On Friday morning, the Blake family from Tofino needed to get to Nanaimo to make an airline connection for a trip to Hawaii, but Highway 4 was closed.
“They were quite panicked because they stood to lose quite a bit of money if they weren’t able to make their flight,” said Tofino Mayor Jodie Osborne.
After a “little bit of creative thinking,” she said, “Jesse Blake put the family boat in at the Kennedy Lake Provincial Park boat launch.”
The launch is just west of the construction zone where rockfall from blasting overnight Wednesday significantly damaged the roadway and closed the highway, which links Tofino and Ucluelet to the rest of the Island.
The Blakes boated across to the east side of the lake Friday morning and were met by Alberni Island Shuttle, which took them to the Nanaimo Airport for their 1:30 p.m. flight.
Wednesday night’s blast was part of the $38.1-million Kennedy Hill Safety Improvement Project, which will make a 1.5-kilometre section of road on the hill wider and straighter. An unexpectedly large volume of rock from the blasting fell on rain-saturated ground, causing a portion of the shoulder and travelling surface to slough away, the Transportation Ministry said.
Drone footage of vehicles travelling through the damaged site at Kennedy Hill #BCHwy4. Reminder: road is open to passenger vehicles/light pickups until 8pm. Please heed traffic control. We'll provide more info about upcoming closure window soon. #Tofino #Ucluelet #PortAlberni pic.twitter.com/fSt0HFwbUh— BC Transportation (@TranBC) January 24, 2020
While the section of highway remains closed, “essential traffic” was allowed through on Friday from noon to 8 p.m. on a single-lane-alternating basis. The opening was intended for those with important appointments or vacationers trying to get to and from the Tofino/Ucluelet area, the ministry said.
Drivers were not asked why they were travelling, but only passenger vehicles and light pickup trucks were allowed to take advantage of the temporary access.
The highway at Kennedy Hill closed at 8 p.m. Friday for overnight foundation work to prepare for a weekend bridge installation. When the bridge is in place, the highway will be reopened to single-lane alternating traffic, allowing commercial vehicles, RVs and other large vehicles to move through the corridor.
There will be a limited opening of the highway on Saturday between 8 a.m. and noon for passenger vehicles and light pickups only before the bridge is installed. During Saturday’s opening, vehicles will be screened at the Tofino/Ucluelet junction and at Sproat Lake. Larger vehicles will be turned around. Heavy loads, commerical trucks and vehicles with campers or towing trailers will not be allowed through.
Via @Drivebc - #BCHwy4 - there will be another limited reopening at Kennedy Hill tomorrow (Sat) between 8am and noon. Crews will then install bridge, with target of opening for commercial/regular traffic Sun. afternoon https://t.co/oKkb9i1MZ6 #Tofino #Ucluelet— BC Transportation (@TranBC) January 25, 2020
At noon, work will begin on placing a prefabricated 20-metre single lane bridge at the site. A specialized bridge crew will be working day and night to complete the installation, said an update by the ministry.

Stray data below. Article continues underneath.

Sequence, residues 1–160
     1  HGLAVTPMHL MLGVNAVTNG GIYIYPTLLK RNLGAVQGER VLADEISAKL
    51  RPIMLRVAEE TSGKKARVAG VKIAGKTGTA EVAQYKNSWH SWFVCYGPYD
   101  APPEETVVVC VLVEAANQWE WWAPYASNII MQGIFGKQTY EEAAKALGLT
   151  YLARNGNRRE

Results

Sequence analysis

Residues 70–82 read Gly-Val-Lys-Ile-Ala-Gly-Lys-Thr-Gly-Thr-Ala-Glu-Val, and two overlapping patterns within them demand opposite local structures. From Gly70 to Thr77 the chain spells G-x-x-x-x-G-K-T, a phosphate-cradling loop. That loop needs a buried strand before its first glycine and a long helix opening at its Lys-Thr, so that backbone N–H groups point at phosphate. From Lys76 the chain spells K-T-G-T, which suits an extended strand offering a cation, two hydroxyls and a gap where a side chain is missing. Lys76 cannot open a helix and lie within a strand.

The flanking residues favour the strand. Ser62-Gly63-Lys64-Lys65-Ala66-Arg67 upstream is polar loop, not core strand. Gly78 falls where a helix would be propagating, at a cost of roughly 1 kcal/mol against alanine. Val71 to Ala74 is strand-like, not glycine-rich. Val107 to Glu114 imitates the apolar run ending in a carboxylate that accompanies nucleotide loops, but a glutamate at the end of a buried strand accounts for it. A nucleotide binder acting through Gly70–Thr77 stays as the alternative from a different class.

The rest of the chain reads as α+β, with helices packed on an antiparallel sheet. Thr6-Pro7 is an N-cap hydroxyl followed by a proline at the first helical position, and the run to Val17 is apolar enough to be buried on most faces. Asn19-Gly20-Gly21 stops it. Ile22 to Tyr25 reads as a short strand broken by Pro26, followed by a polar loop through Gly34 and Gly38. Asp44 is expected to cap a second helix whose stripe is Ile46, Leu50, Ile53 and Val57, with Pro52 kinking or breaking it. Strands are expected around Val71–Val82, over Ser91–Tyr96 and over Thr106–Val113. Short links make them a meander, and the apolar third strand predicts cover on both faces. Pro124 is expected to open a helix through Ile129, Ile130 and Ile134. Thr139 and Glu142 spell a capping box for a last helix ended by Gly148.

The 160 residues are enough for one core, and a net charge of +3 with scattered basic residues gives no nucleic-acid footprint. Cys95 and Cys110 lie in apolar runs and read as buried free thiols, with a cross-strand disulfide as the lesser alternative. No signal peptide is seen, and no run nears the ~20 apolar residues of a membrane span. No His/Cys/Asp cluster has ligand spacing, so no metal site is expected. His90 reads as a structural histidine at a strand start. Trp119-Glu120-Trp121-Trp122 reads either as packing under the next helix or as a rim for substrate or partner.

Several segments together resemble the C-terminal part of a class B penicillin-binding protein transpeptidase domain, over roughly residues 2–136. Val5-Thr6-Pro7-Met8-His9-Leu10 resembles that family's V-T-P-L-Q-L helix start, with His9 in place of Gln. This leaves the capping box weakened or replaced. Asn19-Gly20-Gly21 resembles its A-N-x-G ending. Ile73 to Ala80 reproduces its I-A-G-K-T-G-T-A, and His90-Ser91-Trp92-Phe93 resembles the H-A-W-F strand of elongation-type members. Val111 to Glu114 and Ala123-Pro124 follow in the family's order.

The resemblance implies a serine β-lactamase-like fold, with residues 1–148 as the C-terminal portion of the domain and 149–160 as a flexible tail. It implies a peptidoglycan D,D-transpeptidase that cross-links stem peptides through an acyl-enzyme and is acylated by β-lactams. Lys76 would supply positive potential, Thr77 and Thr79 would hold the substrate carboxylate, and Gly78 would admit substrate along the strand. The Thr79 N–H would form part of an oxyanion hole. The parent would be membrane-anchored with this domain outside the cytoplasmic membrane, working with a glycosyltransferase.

“Work will be challenging as the bridge is being placed in a narrow space between the rock bluff and Kennedy Lake,” said the update.
The goal is to have Highway 4 reopened to single-lane alternating traffic to regular and commercial vehicles on Sunday afternoon. Updates on the estimated closure will continue to be posted to DriveBC.
Two emergency support hubs are available in Pacific Rim National Park for people affected by the closure. Combers Beach parking lot is available for semi-trailer trucks and Green Point Campground overflow is available for RVs and campers.
About 6,000 people live in the Tofino/Ucluelet area, and Osborne said Friday her town was beginning to feel a bit of a pinch from the closure, with some shelves in food stores looking bare. “It’s an important reminder of why being prepared is a good idea,” she said.
Tofino Co-op general manager Mike Tomilin said his store, the main grocery outlet in town, is already out of dairy products and produce. “And we were hurting from the week before with the snowstorm.”
Gas is also a concern, said Tomilin, who suggested motorists’ best option is a “mid-grade” fuel — a combination of premium and regular. “Our regular’s getting low but we still have a fair amount of premium gas left,” he said.
Tomilin said he expected the mid-grade would be sold until Saturday night. At that point, if the road remains closed, he will have to stop sales to keep some gas for Tofino’s emergency needs, he said.
Osborne said if medical emergencies arise during the closure, there is a helipad at Tofino General Hospital. “There is a lot of dialogue going on right now between the Ministry of Transportation, Island Health, B.C. Ambulance Service and B.C. Emergency Health Services,” she said. “They’re monitoring the weather and looking at all of that. I’m confident that we’re safe.”
Pacific Coastal Airlines, which does not ordinarily have a Saturday flight to the area during the winter, has added one.
Tourism Tofino issued a statement saying that people planning to visit the community on the weekend are advised to cancel or postpone their stay.
Blasting for the highway project led to two briefer closures in July.